Homogeneous Parameters[edit | edit source]

A parametric equation can also be expressed as a homogeneous equation. For a parametric set of equations x(t) and y(t), we can define t=T/U to get a homogeneous equation. Let's take the unit circle as an example:

If we express it by replacing t=T/U, then we get:

This is very helpful because the parametric equation would require the domain to be . In homogeneous parameters, the circle can be swept out using finite values.

Planar Curve Intersection[edit | edit source]

Coincidence of a Line and a Point[edit | edit source]

Some special notation can be used to describe lines. The implicit equation of a line is expressed as f(x,y) = ax+by+c = 0. In homogeneous notation, the equation becomes f(X,Y,W) = aX+bY+cW = 0. We could express this line as a 3-tuple or ordered triple: L(a,b,c). This notation allows us to define the implicit equation as the dot product between a point P(X,Y,W) and the line L(a,b,c):

Thus, we can check if a point is on the line by seeing if the dot product of L(a,b,c) and P(X,Y,W) is 0.

Intersection of Two Lines[edit | edit source]

Representing the implicit equation of the line as an ordered triple has other advantages too. The definition of the dot product helped us to determine if points are coincident on a line, and the cross product can help us determine if 2 lines intersect. To simplify the explanation, let's take a very basic equation:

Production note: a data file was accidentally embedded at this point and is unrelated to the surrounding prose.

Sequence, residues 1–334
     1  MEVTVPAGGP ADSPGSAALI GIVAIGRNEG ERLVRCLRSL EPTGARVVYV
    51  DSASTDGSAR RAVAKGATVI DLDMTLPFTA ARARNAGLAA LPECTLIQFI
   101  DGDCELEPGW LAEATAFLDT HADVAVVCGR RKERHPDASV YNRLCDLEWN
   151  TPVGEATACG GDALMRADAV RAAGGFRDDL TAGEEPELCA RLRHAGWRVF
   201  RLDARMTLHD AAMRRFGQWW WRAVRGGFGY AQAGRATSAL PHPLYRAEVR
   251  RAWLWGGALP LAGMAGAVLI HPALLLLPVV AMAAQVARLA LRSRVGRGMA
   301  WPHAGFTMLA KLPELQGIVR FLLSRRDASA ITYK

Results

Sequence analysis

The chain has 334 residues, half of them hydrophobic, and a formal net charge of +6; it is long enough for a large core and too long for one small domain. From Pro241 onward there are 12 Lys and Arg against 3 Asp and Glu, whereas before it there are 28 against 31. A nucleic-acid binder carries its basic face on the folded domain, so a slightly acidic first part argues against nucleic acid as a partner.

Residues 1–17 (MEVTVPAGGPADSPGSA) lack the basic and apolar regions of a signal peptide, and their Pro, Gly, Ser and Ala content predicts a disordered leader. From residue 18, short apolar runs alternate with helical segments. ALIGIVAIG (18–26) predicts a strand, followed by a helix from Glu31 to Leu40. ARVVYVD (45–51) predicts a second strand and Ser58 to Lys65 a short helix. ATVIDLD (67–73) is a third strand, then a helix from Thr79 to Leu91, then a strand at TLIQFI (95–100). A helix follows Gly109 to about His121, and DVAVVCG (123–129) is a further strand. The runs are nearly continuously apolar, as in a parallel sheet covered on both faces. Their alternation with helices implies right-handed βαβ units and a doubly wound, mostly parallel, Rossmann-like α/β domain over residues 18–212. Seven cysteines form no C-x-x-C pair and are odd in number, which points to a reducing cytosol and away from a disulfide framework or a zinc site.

In the definition of the vector cross product, the result C is a vector that is perpendicular to both A and B. This means that if we take the dot product of C and A or B, the dot product will be zero. In our example, the arguments of the cross product A and B are ordered triples that represent lines. If the result C is something that, if "dotted" with either A or B, yields zero, then we could say that the ordered triple C is a point that lies on both lines A and B, or more precisely, the point of intersection of A and B. This would fit with Bezout's theorem, since there is only 1 intersection of 2 degree-1 curves. To sum up, the intersection point of two lines can be determined by the cross product:

Intersection of a Parametric and Implicit Curve[edit | edit source]

The points of intersection between a parametric and an implicit curve are fairly easy to find. If we have a parametric curve and an implicit curve , simply substitute the expressions for x and y with those for x(t) and y(t) to obtain a polynomial . The roots of the resulting polynomial g(t) will be the intersection points for of the two curves.


To get the Cartesian coordinates of the intersection points, simply plug the roots into the parametric curves.

Intersection of a Line and a Rational Bezier Curve[edit | edit source]

The intersection of a rational Bezier curve and a line can be made into a problem involving parametric and implicit curves. The line can be expressed in implicit form f(x)=ax+by+c=0. The rational Bezier curve is really just a set of Bernstein polynomials and is in a parametric form. The process of determining the intersection points is as follows: